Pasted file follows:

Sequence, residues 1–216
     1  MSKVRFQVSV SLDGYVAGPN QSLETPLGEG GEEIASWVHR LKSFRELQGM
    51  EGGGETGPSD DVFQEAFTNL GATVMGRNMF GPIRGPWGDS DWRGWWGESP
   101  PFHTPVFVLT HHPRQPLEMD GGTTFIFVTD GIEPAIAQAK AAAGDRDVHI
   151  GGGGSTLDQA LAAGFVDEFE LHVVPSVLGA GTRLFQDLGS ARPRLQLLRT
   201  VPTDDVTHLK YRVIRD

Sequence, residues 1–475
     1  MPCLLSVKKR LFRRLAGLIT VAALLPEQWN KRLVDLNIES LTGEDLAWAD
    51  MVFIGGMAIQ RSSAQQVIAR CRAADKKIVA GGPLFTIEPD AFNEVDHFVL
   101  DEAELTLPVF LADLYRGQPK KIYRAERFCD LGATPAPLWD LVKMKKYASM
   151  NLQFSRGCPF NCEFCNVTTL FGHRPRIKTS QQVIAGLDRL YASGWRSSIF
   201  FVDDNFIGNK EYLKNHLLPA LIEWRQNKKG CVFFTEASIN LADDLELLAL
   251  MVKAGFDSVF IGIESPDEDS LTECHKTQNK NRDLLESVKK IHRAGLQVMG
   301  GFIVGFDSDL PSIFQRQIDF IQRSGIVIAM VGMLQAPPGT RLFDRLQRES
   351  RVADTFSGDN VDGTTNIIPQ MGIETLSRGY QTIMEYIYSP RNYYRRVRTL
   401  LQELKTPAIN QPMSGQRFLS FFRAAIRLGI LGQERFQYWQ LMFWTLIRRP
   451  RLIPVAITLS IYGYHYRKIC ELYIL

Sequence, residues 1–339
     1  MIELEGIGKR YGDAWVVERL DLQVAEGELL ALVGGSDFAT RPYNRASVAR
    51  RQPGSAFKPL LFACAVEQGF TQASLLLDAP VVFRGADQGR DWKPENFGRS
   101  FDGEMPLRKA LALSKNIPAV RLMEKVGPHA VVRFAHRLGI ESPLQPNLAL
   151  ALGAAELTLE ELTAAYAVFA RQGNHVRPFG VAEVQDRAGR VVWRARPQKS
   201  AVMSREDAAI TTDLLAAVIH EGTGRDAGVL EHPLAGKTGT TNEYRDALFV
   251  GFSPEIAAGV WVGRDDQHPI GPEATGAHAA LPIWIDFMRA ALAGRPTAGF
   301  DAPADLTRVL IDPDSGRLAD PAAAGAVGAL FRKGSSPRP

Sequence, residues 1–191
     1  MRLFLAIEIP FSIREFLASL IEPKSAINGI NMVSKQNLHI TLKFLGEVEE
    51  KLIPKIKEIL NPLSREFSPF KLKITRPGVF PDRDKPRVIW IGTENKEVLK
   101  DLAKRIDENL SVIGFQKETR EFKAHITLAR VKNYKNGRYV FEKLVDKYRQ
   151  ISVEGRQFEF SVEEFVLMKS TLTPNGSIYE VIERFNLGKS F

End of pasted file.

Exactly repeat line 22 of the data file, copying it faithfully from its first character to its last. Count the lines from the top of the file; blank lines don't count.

   151  ALGAAELTLE ELTAAYAVFA RQGNHVRPFG VAEVQDRAGR VVWRARPQKS